Evaluation of Bioequivalence Between the New Procaterol Hydrochloride Hydrate Dry Powder

Evaluation of Bioequivalence Between the New Procaterol Hydrochloride Hydrate Dry Powder



Procaterol hydrochloride hydrate (procaterol) is a β2‐adrenergic receptor agonist that induces a strong bronchodilatory effect. The procaterol dry powder inhaler (DPI) has been frequently used in patients with bronchial asthma or chronic obstructive pulmonary disease. We evaluated the bioequivalence and safety between the new procaterol DPI (new DPI) and the approved procaterol DPI (approved DPI). This study was a randomized, double‐blind, double‐dummy, crossover comparison to evaluate the pharmacodynamic equivalence of the new DPI and the approved DPI in patients with bronchial asthma. Primary efficacy variables were area under the concentration‐time curve (AUC) forced expiratory volume in the first second (FEV1)/h and maximum FEV1 during the 480‐minute measurement period. Patients were divided into 2 groups, New‐DPI‐First (n = 8) and Approved‐DPI‐First (n = 8), according to the investigational medical product that was administered first. Patients inhaled 20 μg of procaterol in each period. FEV1 was measured by a spirometer at predose and at 15, 30, 60, 90, 120, 180, 240, 360, and 480 minutes after each investigational medical product administration. Equivalence was evaluated by confirming that the 2‐sided 90%CIs for the difference between the new and the approved DPI in means of AUC (FEV1)/h and maximum FEV1 were within the acceptance criteria of –0.15 to 0.15 L. The difference in means of AUC (FEV1)/h and maximum FEV1 was 0.041 L and 0.033 L, respectively, and the 90%CI was 0.004 to 0.078 L and –0.008 to 0.074 L, respectively. These CIs were both within the acceptance criteria. The new DPI was assessed as being bioequivalent to the approved DPI.Procaterol HCl powder

Inhaled drugs are the most common and effective therapy in the management of bronchial asthma or chronic obstructive pulmonary disease (COPD). Short‐acting β2‐agonists are known as rescue or relief medications for asthma or COPD symptoms. Procaterol hydrochloride hydrate (8‐hydroxy‐5‐{(1RS,2SR)‐1‐hydroxy‐2‐[(1‐methylethyl)amino]butyl}quinolin‐2(1H)‐one monohydrochloride hemihydrate) is a β2‐adrenergic receptor agonist synthesized by Otsuka Pharmaceutical Co, Ltd, in 1973. It binds highly selectively to β2‐adrenergic receptors in bronchial smooth muscle cells, and a small dose of this drug induces a strong bronchodilatory effect.1, 2 A variety of formulations have been developed for this drug since the first launch of its tablet formulation in 1980. Currently marketed formulations including dry powder inhaler (DPI) and pressurized metered dose inhaler (pMDI) have been clinically useful, mainly in Asia. The effects of these inhalants are immediate, providing a good adaptation for sudden or new symptoms of asthma or COPD.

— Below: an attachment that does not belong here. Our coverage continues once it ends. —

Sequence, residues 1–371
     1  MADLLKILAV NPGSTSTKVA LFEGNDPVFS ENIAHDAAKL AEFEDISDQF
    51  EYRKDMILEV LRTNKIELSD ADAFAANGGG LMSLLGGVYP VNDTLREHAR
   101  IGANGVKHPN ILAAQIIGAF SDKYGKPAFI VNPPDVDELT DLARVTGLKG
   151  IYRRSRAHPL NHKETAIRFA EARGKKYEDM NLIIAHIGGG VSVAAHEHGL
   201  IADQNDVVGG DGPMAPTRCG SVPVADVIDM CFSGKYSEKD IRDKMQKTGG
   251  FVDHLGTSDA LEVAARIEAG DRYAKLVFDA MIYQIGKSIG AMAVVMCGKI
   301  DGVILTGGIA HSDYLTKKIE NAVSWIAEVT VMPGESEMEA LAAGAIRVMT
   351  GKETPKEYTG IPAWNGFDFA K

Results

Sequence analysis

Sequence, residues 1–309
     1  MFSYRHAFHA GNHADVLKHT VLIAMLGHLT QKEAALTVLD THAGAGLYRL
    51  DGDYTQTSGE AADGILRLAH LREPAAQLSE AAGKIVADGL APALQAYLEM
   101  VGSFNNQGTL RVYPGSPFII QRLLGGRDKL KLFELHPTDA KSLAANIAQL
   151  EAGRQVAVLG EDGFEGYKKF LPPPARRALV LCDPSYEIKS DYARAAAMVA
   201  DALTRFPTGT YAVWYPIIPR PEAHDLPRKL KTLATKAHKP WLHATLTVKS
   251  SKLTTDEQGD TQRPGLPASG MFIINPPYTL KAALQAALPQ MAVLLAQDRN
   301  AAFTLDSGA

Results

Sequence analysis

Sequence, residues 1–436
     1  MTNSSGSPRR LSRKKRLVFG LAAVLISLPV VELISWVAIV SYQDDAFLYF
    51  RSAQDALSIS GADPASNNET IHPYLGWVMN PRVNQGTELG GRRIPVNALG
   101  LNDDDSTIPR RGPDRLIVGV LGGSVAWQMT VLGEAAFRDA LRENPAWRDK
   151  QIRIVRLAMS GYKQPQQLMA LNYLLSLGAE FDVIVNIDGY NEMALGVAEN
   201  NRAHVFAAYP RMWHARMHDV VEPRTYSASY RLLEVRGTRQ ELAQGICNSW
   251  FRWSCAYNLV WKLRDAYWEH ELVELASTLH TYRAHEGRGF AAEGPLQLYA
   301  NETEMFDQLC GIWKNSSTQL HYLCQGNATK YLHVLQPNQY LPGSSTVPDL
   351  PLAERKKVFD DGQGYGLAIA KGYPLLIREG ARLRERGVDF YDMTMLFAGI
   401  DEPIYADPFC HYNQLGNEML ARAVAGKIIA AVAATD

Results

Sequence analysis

DPIs are easier to use than pMDIs because there is no need to coordinate actuation and inhalation. In addition, because DPIs do not contain environmentally unfriendly propellants,3 it is thought that DPIs are adaptive to future global environmental regulations. However, DPIs are available in many different designs, and DPIs that require many operational steps may mislead patients to inadequate inhalation of the drug. It is obvious that incorrect usage of inhaler devices has a considerable influence on the clinical effectiveness of the delivered drug.3 Clickhaler® (an approved DPI device) has hallmarked the effective uniformity and consistency of the delivered dose and fine particle fraction over a range of inspiratory flow rates4; however, patients are required to perform several steps to inhale the drug. To improve this, a new DPI, Swinghaler® (a new DPI device) was designed that requires no shaking to dispense the correct volume of powder into the measuring cups prior to inhalation, thus reducing the operational steps, and is easier to use.5, 6 In addition, the powder inhaler and storage container of the new DPI device are integrated, making it a smaller device, which greatly improves the portability of the drug. These features are considered to be beneficial to patients, and Meptin®Swinghaler® (new DPI) is expected to ease patients’ treatment. The new DPI was granted approval in 2014 in Japan and is currently the only DPI of short‐acting β2‐agonists launched in Japan.6

The bioequivalence between the new DPI and the approved DPI in patients was unknown. Although there are no standardized methods to demonstrate in vivo bioequivalence of inhaled bronchodilators, the most practical method of showing therapeutic equivalence in vivo is by estimating their relative potencies in clinical efficacy studies using adequate methodology of comparing their bronchodilator actions.7 Hence, this study was conducted to evaluate the bioequivalence and safety between the new DPI (Otsuka Pharmaceutical Co, Ltd, Tokushima, Japan) and the approved DPI (Otsuka Pharmaceutical Co, Ltd, Tokushima, Japan) in patients with bronchial asthma.

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